I think God starts with houses and gardens because if our most basic needs for food and shelter are not met, we can do nothing else. 20thcentury psychologist Abraham Maslow called it a “hierarchy of needs.” At the very bottom are psychological needs—air, water, food, shelter, sleep, and clothing. He theorized that only when those needs are met, are people able to attend to needs for safety, belonging, esteem, and self-actualization. People in crisis must attend to their most basic needs for survival, as the Israelite exiles must have done. Homes and gardens are vessels for theology. It is from there that God invites the Israelites to start families and have children. Food and safety come first, love and community come second. 

            God continues, not just to command their own welfare, but to seek the welfare of the city. The Hebrew word for welfare is one you probably know well. It’s shalom. Shalom is often used today to mean peace, but it is also meant to evoke a deeper sense of completeness, safety, and prosperity. Ironically, shalom is mentioned throughout the book of Jeremiah as a reason for Israel’s judgment. Jeremiah was not the only prophet in his time, and there were many prophets who made their living by claiming to speak for God, when in fact, they said what people wanted to hear. As Jeremiah says in chapter 7, they treated the wounds of the people carelessly, saying ‘shalom, shalom” when there was no shalom. In an ironic twist, God tells the people that God’s promised peace will come, but on enemy territory! No one saw it coming.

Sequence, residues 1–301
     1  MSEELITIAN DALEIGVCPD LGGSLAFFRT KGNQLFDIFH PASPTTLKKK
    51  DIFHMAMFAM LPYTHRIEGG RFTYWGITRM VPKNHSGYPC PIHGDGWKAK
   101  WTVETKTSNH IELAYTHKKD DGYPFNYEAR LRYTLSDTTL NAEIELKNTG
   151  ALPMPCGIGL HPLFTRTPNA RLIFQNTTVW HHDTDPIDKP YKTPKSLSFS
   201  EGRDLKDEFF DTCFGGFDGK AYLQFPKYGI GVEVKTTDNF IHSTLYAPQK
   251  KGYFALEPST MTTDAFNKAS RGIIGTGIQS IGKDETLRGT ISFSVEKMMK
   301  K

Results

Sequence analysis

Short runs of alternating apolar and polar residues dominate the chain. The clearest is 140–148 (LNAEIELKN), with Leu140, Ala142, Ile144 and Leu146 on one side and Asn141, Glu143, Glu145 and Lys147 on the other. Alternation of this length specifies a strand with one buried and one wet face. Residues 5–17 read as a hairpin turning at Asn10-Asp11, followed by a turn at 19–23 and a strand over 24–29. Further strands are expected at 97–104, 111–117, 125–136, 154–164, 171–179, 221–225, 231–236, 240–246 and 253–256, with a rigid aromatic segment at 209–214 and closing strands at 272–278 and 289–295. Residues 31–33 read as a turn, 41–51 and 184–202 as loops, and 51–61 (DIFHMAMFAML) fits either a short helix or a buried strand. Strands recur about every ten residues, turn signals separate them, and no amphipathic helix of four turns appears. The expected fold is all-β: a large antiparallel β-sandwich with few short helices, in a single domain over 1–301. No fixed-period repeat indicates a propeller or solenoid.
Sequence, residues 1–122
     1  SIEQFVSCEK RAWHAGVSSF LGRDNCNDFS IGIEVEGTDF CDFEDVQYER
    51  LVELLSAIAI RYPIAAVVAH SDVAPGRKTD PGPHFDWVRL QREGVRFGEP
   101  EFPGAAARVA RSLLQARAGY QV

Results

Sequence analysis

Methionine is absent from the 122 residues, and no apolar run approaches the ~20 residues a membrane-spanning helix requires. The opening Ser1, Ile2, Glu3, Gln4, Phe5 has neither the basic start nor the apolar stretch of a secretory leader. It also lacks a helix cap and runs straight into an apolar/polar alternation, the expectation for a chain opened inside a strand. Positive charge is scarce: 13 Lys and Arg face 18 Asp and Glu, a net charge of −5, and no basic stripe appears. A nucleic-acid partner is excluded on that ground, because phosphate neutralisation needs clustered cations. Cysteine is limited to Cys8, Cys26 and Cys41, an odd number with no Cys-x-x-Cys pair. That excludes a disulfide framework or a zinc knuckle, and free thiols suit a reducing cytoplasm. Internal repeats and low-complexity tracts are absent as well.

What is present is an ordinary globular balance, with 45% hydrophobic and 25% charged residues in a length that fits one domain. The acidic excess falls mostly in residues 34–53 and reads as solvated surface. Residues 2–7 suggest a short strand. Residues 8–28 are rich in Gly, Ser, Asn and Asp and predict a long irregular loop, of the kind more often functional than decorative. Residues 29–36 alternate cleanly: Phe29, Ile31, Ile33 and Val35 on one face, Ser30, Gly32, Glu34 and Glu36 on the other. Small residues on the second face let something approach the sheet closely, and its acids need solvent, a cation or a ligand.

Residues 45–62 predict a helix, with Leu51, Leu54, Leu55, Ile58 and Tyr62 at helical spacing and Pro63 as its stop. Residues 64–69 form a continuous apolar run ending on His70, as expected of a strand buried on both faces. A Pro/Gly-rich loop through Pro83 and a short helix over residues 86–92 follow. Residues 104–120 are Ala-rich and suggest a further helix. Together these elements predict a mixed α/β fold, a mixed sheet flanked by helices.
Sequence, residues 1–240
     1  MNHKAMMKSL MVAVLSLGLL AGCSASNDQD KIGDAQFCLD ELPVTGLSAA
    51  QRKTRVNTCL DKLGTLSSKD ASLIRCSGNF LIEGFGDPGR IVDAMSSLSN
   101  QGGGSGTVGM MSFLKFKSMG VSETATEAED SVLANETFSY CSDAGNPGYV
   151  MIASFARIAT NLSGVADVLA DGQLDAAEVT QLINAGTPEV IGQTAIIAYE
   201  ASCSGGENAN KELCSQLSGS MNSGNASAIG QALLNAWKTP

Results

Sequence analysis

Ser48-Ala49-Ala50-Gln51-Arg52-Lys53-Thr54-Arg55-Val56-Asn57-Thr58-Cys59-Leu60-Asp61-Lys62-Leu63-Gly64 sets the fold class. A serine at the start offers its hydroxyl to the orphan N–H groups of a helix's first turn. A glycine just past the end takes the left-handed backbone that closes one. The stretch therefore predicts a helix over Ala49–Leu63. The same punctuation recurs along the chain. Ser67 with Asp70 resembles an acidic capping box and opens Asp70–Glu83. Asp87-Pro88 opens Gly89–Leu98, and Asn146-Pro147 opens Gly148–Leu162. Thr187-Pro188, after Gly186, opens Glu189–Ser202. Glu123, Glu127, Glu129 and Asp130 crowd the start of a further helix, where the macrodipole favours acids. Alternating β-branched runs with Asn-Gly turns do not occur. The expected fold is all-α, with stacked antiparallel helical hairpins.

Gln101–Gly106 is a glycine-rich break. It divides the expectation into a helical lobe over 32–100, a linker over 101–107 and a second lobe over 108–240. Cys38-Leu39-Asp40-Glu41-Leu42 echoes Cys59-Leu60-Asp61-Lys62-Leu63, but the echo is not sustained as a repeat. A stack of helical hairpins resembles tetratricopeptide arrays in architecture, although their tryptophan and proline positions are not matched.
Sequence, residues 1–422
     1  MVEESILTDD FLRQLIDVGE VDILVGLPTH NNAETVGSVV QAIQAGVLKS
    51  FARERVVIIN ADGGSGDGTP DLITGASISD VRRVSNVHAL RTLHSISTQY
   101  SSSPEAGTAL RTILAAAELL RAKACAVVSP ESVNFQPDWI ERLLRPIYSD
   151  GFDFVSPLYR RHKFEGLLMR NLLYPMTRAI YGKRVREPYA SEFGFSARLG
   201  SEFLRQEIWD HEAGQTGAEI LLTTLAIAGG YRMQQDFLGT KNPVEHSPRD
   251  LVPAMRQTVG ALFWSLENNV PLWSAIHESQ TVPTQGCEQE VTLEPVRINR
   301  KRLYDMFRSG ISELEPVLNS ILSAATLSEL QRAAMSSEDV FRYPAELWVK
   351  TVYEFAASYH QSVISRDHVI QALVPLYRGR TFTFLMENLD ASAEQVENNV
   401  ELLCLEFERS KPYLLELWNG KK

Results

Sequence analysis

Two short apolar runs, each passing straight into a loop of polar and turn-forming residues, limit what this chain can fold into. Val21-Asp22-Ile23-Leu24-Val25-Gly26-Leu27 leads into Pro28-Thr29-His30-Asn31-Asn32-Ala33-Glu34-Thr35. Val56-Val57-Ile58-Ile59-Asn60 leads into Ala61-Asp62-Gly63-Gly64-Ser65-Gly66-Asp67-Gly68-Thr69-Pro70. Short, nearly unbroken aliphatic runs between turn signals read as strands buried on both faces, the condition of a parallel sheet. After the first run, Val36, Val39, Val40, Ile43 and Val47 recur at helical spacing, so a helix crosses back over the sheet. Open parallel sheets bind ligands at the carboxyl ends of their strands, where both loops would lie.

So, what does it mean to seek the welfare of this city? We may not be the ones who are exiles in hostile territory, but we are the people of God. 2,500 years may have passed, but we still have the same needs as our ancestors—food and shelter. If God cares about where the ancient Israelites dwelled, I think it’s safe to say that God also cares about where people live today. 

            God cares for the modern-day exiles who have left countries besieged by organized crime and drug cartels not because they want to go to a country that does not want them and does not speak their language. They leave their home because it is their only option. It is impossible to read any scripture this week without thinking about the families at our southern border being split apart by cruel and inhumane policies. Instead of homes and gardens, they get put in “tender age shelters” or family detention centers. As our country literally puts children in jails, I wonder if this is what the Israelites felt like in exile—abandoned and hopeless?